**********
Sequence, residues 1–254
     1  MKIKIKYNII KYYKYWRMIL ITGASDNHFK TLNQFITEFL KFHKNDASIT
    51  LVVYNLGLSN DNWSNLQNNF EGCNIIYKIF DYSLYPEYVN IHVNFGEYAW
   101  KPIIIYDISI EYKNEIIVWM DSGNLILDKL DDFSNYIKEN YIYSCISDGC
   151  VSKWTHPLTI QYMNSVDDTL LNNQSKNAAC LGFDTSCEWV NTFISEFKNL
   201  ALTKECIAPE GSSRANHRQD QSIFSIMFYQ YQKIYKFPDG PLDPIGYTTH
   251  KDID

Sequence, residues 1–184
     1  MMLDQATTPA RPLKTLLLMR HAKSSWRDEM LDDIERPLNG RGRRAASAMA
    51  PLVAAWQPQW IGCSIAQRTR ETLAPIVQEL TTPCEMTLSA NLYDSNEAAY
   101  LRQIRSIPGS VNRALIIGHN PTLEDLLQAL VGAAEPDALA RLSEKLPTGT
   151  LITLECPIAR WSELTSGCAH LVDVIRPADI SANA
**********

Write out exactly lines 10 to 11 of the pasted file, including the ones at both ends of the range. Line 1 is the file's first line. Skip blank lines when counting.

    51  PLVAAWQPQW IGCSIAQRTR ETLAPIVQEL TTPCEMTLSA NLYDSNEAAY
   101  LRQIRSIPGS VNRALIIGHN PTLEDLLQAL VGAAEPDALA RLSEKLPTGT